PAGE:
ORLANDO, FL—Patients who undergo serial low-dose CT screening scans for lung cancer are at high risk of false-positive results that can lead to unnecessary—and potentially harmful—follow-up tests, government researchers reported here at the ASCO Annual Meeting.
“What is surprising is how quickly the false-positive rate went up—after only two screens, CT scans falsely suggested the presence of disease in 33% of cases,” said Jennifer M. Croswell, MD, Acting Director of the NIH Office of Medical Applications of Research.
The findings come at time that many hospitals are promoting CT scans for the early detection of lung cancer, particularly in smokers and ex-smokers, she noted.
Screening Burdens Underappreciated
Dr. Croswell said she and colleagues undertook the study because the potential burdens of screening have historically been “underappreciated and under-examined.”
For the study, the researchers used data from the Lung Screening Study (LST), a randomized trial of chest x-rays and low-dose CT in lung-cancer screening. LST is a feasibility trial for the ongoing National Lung Screening Trial (NLST), which is designed to determine whether chest x-rays and/or CT scans reduce lung-cancer-related mortality.
In LST, 1,610 participants were given a baseline CT and 1,580 were given a baseline chest x-ray, with a repeat screen one year later. They were followed for one more year.
“We asked the question, what was the risk over time of getting at least one false-positive lung-cancer-screening test,” Dr. Croswell said.
A positive screen was defined as any noncalcified nodule at least 4 mm in size, or other radiographic finding deemed suspicious for cancer.
A false positive was defined as a positive screen with either a completed negative work-up or at least 12 months follow-up with no cancer diagnosis.
With Kaplan-Meier analysis, an individual's cumulative probability of having at least one false-positive CT scan was found to be 21% after one screen and 33% after two screens. For chest x-rays, the cumulative probabilities were 9% and 15% after one and two screens, respectively.
“The x-ray results were not surprising,” Dr. Croswell said. “The 15% rate of false positives after two screens was similar to what we found in the ongoing PLCO [Prostate, Lung, Colorectal, and Ovarian] cancer screening trial,” a randomized controlled trial to determine the effects of prostate, lung, colorectal, and ovarian cancer screening on disease-specific mortality (Crosswell et al: Ann Family Med 2009;7:212–222).
For CT scans, several studies have reported a high incidence of noncalcified nodules in people who were screened. This study, however, is the first to track an individual's risk of obtaining false-positive results over time, she explained.
In a multivariate analysis, the only statistically significant factor that placed an individual at higher risk of false-positive CT results was older age, with patients age 64 to 75 having a 34% increased risk of a false-positive result compared with those 55 to 64.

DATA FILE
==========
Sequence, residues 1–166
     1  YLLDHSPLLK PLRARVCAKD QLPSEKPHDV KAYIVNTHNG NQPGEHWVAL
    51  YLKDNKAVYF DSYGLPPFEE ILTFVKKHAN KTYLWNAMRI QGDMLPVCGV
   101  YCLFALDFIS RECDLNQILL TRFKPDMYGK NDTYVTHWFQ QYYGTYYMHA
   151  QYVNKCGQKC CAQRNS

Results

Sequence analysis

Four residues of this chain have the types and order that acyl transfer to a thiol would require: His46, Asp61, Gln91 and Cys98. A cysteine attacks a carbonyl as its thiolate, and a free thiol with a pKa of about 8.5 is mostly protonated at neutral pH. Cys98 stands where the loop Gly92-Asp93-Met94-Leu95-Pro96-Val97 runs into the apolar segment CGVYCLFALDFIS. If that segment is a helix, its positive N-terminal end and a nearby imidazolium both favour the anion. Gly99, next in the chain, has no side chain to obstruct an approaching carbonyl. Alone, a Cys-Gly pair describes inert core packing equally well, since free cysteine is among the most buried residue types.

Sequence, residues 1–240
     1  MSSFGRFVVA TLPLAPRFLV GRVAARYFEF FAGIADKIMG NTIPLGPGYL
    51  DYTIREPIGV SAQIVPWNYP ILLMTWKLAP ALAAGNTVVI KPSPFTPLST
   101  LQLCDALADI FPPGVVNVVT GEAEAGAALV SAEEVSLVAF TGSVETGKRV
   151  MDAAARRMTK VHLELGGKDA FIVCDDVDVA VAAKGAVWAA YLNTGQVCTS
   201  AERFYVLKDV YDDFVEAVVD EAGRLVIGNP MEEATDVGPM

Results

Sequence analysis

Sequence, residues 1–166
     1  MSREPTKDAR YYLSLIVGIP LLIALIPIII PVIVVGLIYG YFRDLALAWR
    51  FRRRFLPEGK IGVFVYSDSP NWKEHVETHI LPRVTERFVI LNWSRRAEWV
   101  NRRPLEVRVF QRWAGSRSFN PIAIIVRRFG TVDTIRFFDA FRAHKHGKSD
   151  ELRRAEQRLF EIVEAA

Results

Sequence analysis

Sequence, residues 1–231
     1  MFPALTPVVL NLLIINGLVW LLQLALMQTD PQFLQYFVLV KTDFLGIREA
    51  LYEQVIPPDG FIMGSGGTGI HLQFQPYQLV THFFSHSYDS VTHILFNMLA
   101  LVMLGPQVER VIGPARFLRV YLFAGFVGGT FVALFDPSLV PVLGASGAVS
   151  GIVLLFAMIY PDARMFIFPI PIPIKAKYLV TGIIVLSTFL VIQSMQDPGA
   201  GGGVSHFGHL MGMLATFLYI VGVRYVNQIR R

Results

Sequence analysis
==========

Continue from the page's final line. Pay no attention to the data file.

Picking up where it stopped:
Being a current smoker versus a former smoker trended toward higher false-positive odds—“But these multivariate results need replication. They are not practice-changing,” Dr. Croswell stressed.
She and her colleagues then looked at diagnostic follow-up for patients with false-positive findings. Of patients getting a false-positive CT result, 6.6% had any kind of invasive diagnostic procedure and 1.6% had major surgery such as thoracotomy. This compared with 4.2% and 1.9%, respectively, for those with false-positive chest x-ray results.
The majority of patients whose CT or x-ray results later turned out to be false positives—61% and 51%, respectively—were scheduled for repeat screens.
That in itself is problematic, since “many people don't want to wait two or three months for another test. They might push for a biopsy even if the physician wants to schedule a repeat scan,” commented Peter G. Shields, MD, Deputy Director of the Lombardi Comprehensive Cancer Center at Georgetown University.
The invasive follow-up exams are particularly troubling.
“A one-in-three chance [of having a false positive] is huge, even if anxiety is the only negative effect. But the results can lead to invasive tests. That's unacceptable,” Dr. Shields said. “Many physicians recognize the high false-positive rate associated with CT scans, but nonetheless, this test is widely used in clinical practice.”
Impact on Mortality Unknown
Dr. Shields and Julie R. Gralow, MD, Director of Breast Medical Oncology at Seattle Cancer Care Alliance and Associate Professor in the Oncology Division of the University of Washington School of Medicine, agreed that one of the big problems is that no screening method for lung cancer has been shown to reduce mortality from the disease, which is detected only in its late stages.
“However, depending on the benefit, an improvement in morbidity, such as finding it earlier so that you can avoid chemotherapy, can count too. But the gold standard for any cancer-screening test should be an improvement in survival, and very few screening tests have met that standard,” Dr. Gralow said, citing mammography as one exception.
Results of the NELSON (National Lung Screening Trial and the European Nederlands-Leuvens Longkanker Screenings Onderzoek) trial, also designed to answer the question of whether lung-cancer screening reduces mortality, could be available next year, Dr. Gralow said.
In the meantime, “we have to look at the benefit [of lung cancer screening] versus the potential physical or emotional harm.”
Tobacco Use the Bigger Issue
The bigger issue is smoking, Dr. Gralow said.
Recent statistics suggest that 40 million Americans smoke, placing themselves at risk of not only lung cancer, but a host of health problems, she said.
“I would argue that we need ways not just of finding lung cancer earlier, but also of preventing disease. We should be putting efforts into prevention and cessation of smoking,” she said.